Solving the cold-start problem in scientific credit allocation

Yanmeng Xing, Fenghua Wang, An Zeng, Fan Ying

Research output: Contribution to journalArticleScientificpeer-review

Abstract

A nearly universal trend in science today is the prominence of ever-increasing collaborative teams. Hence, identifying the relative credit due to each collaborator of published studies is of high significance. Although numerous methods have been employed to address this issue, allocating credit to all co-authors of new papers remains challenging. To address this cold-start issue, we introduce a credit allocation algorithm based on the co-citing network that captures the co-authors' shared credit of a multi-authored publication. Using the American Physical Society publication data, we validate the method by examining papers by Nobel laureates. Accordingly, we perform many experiments to demonstrate that the proposed method can be implemented on academic papers in any period after publication with a significantly higher degree of accuracy and robustness than the existing algorithms applied to new papers. This method enables us to explore the universal credit evolution pattern of scientific elites. Importantly, by testing the relation between an author's credit and authorship byline, we observe that the first authors of papers are currently assigned less credit than in the early days with respect to physics. With collaboration and a large team set to dominate the agenda of the current science system, our study provides a more effective method for allocating early credit to co-authors of a paper, which may be beneficial to various academic activities, including faculty hiring, funding, and promotion decisions.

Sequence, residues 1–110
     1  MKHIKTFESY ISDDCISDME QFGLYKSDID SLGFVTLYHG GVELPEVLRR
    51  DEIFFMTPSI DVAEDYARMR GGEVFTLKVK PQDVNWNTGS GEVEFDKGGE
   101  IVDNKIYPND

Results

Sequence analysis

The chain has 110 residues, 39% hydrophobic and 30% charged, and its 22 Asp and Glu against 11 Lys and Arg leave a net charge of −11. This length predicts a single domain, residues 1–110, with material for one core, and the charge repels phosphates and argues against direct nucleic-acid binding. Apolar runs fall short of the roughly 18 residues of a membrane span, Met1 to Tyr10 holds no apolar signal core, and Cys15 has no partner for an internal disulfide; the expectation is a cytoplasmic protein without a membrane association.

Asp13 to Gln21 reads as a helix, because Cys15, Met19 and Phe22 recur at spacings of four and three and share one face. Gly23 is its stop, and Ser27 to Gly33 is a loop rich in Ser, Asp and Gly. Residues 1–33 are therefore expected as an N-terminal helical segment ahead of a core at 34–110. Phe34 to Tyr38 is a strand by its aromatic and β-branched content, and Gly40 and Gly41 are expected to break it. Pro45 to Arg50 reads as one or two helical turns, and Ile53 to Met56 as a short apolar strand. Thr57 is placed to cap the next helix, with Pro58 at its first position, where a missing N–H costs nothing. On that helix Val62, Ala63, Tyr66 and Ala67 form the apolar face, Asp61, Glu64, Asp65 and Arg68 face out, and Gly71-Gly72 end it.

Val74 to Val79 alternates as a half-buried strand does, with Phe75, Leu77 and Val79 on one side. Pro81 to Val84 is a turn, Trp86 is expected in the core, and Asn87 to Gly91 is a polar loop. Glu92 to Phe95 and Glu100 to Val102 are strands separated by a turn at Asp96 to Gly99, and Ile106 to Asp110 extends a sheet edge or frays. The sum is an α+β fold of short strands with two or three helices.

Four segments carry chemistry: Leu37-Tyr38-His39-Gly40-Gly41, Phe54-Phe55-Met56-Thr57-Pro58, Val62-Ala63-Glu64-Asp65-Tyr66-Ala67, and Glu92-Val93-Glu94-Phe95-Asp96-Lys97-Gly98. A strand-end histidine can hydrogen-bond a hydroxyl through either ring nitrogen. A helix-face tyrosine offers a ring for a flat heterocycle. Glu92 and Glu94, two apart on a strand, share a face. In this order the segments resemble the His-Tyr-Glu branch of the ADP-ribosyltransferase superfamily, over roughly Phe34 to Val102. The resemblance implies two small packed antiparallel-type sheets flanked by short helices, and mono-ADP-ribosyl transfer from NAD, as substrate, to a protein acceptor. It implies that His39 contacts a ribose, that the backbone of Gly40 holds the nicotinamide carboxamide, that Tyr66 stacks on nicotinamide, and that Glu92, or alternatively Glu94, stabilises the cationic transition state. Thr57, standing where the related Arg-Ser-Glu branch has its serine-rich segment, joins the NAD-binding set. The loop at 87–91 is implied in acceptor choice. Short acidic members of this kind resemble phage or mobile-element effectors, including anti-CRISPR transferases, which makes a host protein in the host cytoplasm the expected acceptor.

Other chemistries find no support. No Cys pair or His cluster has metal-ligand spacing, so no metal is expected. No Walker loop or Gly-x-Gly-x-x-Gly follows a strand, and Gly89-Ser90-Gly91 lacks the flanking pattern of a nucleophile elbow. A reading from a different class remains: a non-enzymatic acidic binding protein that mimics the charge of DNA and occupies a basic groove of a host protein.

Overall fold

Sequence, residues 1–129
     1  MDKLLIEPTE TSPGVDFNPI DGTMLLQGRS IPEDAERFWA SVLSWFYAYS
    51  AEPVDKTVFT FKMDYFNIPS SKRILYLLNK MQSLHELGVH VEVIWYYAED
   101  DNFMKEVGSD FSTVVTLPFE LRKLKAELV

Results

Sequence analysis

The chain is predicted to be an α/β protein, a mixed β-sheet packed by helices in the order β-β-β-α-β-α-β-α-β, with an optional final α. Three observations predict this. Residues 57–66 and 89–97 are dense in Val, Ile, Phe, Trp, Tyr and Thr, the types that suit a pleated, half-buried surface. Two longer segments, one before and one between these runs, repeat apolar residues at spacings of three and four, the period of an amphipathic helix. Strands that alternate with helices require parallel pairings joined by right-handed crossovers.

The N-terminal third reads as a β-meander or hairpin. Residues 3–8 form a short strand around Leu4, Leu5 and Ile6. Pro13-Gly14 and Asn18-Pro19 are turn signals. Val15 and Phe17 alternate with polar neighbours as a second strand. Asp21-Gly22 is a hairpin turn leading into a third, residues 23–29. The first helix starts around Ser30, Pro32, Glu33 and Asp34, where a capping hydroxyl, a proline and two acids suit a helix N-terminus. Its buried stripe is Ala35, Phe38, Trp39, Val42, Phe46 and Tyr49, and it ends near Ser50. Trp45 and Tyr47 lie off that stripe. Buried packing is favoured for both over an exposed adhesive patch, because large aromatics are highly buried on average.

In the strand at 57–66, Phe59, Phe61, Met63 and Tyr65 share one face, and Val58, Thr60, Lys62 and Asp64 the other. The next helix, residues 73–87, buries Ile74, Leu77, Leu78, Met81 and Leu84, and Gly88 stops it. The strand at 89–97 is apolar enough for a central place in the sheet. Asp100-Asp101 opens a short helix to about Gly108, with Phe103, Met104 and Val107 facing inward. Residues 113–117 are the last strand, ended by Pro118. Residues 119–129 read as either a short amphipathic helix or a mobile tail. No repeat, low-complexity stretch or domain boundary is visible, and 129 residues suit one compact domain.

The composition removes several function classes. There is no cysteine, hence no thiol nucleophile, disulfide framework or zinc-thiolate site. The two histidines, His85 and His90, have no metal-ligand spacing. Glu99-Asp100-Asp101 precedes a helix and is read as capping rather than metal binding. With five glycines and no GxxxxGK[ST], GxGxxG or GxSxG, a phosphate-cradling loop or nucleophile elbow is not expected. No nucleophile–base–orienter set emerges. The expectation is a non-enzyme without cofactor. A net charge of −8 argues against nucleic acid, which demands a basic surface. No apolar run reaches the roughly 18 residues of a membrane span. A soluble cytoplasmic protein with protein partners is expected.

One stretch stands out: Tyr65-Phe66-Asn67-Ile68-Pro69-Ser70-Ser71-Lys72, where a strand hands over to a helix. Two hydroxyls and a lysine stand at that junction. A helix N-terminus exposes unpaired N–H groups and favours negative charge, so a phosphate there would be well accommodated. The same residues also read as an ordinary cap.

Original languageEnglish
Article number101157
JournalJournal of Informetrics
Volume15
Issue number3
DOIs
Publication statusPublished - 2021

Keywords

  • Authorship byline
  • Co-citing network
  • Credit allocation
  • Scientific impact

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